Identification of potential mechanisms explaining the observed performance gains following longer-term and habitual use of a DWU as part of a daily training regimen are numerous and beyond the scope of this study. Several plausible explanations have been reported from studies that investigated improvement in performance factors acutely following a DWU. In a review by Bishop (6), it was suggested that active warm-ups correlate to the actual movement of active muscle groups and may offer the following mechanistic benefits: an increase in muscle and core temperature, a decrease in stiffness of muscles and joints, an increase in nerve impulse transmission rate, an alteration in the force-velocity relationship, and an increase in glycogenolysis, glycolysis, and high-energy phosphate degradation. Active, dynamic stretching increases core temperature more so than any other form of stretching. This temperature increase enhances nerve receptor sensitivity and nerve impulse speed, which collectively lead to more rapid and forceful muscle contractions (15). It is possible that the chronic use of the DWU produced such neuromuscular and energetic adaptations that were at least temporarily sustained and may have contributed to the findings, but this possibility is speculative, as direct measurement of these physiological mechanisms was not performed. Additionally, increased muscle twitch force and rate of force development from contractile element conditioning may have theoretically occurred and persisted as a result of the 4-week DWU. Increased postcontraction neural (i.e., sensory) activity could allow for a more rapid and forceful response to subsequent muscle lengthening. These neural explanations have been validated in well-controlled laboratory environments and postulated as viable explanations for acute performance enhancement following DWU routines performed immediately prior to assessments of power and agility (13,24,30). Whether these neural mechanisms are adaptive and sustainable to longer-term (i.e., chronic) DWU training is unclear and, in the context of a longer-term DWU intervention, largely unreported. The findings, however, appear to be supportive of at least a mild sustainment and trainability of some of these aforementioned physiological mechanisms as a result of a dynamic-stretching warm-up. The available acute mechanistic evidence would suggest that the DWU intervention may have enhanced the rate of neural, circulatory, energetic, and temperature responses when challenged by the performance tests. However, it is important to note that the postintervention performance tests were done at least 24 hours following the last DWU session, with no formal warm-up prior to measurement. Thus, the improvement in the performance measures may have relied heavily upon the most rapid and immediately available physiological mechanisms, likely enhanced and trained neuromuscular facilitation, speed of impulse conduction, and receptor sensitivity.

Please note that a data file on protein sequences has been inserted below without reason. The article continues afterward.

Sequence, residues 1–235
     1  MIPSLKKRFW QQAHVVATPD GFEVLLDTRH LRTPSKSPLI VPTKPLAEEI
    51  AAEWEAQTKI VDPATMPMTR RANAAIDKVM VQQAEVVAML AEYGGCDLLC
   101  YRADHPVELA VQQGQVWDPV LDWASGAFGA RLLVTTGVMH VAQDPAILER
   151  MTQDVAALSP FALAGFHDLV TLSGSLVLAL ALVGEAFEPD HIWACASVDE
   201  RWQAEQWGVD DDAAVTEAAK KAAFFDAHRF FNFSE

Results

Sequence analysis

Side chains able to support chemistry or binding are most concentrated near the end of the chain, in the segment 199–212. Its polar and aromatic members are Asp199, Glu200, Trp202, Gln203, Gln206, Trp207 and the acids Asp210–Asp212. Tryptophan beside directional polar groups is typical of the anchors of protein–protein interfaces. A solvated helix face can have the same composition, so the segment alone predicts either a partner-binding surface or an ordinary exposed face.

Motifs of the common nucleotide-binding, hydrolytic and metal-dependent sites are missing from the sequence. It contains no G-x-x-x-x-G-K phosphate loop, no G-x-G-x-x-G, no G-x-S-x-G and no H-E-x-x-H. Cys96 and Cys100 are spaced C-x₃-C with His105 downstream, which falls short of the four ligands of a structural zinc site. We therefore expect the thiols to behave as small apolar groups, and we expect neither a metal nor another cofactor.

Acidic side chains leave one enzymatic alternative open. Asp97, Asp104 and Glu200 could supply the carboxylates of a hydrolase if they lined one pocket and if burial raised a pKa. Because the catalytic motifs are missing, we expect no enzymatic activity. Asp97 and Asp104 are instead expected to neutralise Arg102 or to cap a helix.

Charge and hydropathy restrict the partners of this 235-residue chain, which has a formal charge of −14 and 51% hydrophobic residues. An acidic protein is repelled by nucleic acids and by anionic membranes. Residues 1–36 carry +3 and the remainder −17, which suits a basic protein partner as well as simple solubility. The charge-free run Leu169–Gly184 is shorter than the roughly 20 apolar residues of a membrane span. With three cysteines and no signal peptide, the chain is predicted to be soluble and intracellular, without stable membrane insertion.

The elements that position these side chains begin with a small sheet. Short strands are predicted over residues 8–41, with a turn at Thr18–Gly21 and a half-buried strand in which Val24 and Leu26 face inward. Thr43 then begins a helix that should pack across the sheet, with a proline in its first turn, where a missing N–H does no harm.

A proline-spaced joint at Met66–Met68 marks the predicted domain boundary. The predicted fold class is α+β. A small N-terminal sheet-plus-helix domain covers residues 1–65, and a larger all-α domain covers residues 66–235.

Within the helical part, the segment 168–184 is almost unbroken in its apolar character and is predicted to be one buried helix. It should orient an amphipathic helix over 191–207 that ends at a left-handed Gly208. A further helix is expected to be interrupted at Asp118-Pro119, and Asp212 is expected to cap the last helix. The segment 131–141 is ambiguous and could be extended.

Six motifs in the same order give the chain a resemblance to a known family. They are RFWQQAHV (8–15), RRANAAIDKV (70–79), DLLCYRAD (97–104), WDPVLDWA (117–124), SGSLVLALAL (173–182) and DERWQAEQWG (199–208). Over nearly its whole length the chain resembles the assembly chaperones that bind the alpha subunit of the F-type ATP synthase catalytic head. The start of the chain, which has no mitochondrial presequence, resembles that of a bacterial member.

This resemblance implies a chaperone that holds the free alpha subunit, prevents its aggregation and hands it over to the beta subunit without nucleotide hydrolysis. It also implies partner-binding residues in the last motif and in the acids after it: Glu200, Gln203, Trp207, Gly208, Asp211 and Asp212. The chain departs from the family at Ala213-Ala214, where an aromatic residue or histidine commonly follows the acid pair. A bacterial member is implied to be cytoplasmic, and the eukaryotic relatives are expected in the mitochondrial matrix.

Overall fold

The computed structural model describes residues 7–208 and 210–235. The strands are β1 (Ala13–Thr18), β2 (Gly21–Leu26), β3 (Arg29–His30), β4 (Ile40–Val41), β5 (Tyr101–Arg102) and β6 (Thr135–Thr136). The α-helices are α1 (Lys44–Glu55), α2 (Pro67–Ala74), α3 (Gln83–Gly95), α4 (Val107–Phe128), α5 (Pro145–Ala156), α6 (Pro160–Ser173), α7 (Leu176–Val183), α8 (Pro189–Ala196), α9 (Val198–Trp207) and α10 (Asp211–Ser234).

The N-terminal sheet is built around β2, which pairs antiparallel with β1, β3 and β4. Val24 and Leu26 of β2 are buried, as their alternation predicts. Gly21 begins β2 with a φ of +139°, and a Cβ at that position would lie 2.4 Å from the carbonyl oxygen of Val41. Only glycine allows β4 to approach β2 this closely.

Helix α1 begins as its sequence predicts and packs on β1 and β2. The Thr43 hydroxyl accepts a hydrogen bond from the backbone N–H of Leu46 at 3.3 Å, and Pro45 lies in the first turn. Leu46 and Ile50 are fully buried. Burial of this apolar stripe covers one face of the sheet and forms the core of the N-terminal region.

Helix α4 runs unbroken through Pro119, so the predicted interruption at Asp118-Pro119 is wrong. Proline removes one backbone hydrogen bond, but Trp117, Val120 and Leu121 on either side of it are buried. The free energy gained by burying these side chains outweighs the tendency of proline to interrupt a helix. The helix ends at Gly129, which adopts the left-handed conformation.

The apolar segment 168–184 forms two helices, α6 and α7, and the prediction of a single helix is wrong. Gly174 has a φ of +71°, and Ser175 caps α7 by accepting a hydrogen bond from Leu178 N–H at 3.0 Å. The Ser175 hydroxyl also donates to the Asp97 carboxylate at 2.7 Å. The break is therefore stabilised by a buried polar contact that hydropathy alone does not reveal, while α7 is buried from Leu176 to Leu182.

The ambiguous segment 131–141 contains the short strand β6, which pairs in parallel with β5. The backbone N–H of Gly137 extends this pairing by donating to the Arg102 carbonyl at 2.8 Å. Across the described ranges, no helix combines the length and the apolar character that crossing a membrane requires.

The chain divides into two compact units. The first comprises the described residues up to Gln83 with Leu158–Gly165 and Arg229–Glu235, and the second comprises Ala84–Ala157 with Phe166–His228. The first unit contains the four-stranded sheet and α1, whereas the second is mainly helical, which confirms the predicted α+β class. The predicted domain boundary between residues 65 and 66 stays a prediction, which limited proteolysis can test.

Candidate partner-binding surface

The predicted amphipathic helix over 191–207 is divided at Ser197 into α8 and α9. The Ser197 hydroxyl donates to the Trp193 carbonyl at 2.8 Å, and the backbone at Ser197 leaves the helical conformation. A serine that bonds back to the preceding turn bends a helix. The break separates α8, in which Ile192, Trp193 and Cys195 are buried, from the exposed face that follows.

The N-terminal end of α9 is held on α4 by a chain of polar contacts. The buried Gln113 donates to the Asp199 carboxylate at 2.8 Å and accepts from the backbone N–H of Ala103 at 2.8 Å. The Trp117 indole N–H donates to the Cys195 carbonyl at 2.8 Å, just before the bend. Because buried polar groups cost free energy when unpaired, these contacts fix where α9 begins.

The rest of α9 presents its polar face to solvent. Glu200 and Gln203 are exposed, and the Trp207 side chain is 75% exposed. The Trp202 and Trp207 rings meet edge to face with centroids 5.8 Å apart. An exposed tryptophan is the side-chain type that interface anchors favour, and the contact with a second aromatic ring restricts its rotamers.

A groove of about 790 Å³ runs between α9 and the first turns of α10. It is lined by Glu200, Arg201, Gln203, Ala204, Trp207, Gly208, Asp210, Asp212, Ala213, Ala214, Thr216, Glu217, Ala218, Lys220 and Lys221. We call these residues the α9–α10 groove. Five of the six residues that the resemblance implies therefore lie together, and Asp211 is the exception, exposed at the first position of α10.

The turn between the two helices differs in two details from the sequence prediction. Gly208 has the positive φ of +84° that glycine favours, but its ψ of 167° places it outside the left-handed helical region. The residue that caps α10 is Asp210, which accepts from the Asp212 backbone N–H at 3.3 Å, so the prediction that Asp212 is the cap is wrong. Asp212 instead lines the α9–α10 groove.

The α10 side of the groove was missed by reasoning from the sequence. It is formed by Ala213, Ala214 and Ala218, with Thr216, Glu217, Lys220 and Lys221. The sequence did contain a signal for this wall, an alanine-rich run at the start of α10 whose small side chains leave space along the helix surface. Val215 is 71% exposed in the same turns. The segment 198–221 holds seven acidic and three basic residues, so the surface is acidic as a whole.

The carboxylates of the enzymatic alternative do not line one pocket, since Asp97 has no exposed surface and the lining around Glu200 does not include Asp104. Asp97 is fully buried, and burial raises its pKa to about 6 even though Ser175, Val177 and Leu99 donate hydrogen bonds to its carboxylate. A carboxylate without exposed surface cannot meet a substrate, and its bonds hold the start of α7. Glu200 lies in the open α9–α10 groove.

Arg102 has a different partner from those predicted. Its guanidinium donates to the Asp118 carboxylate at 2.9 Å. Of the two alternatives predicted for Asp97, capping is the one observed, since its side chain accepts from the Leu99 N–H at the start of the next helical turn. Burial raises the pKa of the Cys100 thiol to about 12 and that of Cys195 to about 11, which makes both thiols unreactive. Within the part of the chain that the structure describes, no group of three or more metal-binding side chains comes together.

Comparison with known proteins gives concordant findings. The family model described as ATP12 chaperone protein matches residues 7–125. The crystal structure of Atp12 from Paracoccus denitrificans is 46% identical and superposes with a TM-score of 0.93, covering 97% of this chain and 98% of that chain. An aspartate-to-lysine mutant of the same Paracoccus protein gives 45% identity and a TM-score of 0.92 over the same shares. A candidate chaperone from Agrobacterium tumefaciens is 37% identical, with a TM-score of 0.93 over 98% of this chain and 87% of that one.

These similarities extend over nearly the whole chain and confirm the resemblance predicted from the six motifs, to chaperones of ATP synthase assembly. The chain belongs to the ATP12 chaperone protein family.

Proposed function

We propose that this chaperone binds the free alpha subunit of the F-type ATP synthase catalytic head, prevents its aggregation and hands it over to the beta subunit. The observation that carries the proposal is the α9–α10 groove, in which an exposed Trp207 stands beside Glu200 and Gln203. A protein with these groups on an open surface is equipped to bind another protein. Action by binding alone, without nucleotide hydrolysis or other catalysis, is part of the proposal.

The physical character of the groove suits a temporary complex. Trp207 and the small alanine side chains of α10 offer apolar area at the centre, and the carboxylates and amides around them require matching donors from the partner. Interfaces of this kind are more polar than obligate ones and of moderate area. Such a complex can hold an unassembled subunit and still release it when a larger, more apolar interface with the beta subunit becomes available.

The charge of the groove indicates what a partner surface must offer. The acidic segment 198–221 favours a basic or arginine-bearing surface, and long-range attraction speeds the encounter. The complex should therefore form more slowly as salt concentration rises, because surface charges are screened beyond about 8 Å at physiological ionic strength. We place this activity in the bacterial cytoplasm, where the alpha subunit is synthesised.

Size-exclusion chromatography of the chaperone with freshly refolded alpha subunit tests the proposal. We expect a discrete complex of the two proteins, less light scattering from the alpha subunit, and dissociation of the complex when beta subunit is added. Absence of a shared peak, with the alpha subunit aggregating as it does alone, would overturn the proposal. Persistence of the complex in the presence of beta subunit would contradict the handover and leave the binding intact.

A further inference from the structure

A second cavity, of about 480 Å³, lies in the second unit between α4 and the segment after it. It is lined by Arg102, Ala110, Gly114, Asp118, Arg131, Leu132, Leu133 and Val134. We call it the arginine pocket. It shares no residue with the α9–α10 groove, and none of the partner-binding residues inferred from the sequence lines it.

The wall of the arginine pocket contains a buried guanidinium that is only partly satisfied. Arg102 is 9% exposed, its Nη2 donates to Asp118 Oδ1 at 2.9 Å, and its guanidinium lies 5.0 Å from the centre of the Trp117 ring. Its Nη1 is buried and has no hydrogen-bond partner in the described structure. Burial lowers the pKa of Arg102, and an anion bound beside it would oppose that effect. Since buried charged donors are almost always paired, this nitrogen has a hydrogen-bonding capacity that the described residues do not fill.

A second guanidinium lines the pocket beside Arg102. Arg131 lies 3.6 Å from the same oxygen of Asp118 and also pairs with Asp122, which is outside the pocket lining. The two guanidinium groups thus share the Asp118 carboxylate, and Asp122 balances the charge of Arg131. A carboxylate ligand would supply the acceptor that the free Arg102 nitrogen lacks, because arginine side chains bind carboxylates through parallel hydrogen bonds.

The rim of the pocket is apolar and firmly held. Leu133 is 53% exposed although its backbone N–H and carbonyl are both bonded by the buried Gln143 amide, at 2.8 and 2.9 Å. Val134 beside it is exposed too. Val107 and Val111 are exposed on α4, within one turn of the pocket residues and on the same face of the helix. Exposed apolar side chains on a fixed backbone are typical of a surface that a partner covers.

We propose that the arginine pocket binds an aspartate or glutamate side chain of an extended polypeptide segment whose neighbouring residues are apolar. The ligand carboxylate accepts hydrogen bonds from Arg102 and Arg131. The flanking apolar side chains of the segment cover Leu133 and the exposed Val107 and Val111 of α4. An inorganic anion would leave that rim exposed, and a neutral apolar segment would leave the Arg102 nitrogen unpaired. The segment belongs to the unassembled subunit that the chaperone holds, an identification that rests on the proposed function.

Explanation of the findings may also include prevention or minimization of deleterious physiological adaptations associated with static and passive stretching that tend to acutely inhibit strength, endurance, and power. Increased compliance of the musculotendinous unit (MTU), acute neural inhibition, and decreased neural drive to muscles following an SWU have been consistently found to reduce power output (2,16,18,20,29). Dynamic, specific, and active warm-ups may prevent or minimize decreases in maximal voluntary contraction associated with static and passive stretching (4,19,24). Furthermore, DWUs may, in part, minimize or prevent the prolonged (i.e., up to 1 hour) reduction in force generation capacity that has been associated with SWUs (16). Whether incorporation of DWUs as part of daily training regimens minimizes or prevents any reduction in force generation capacity or whether DWU interventions actually serve to improve capacity is presently unknown; however, the results are supportive of these notions and warrant further investigation.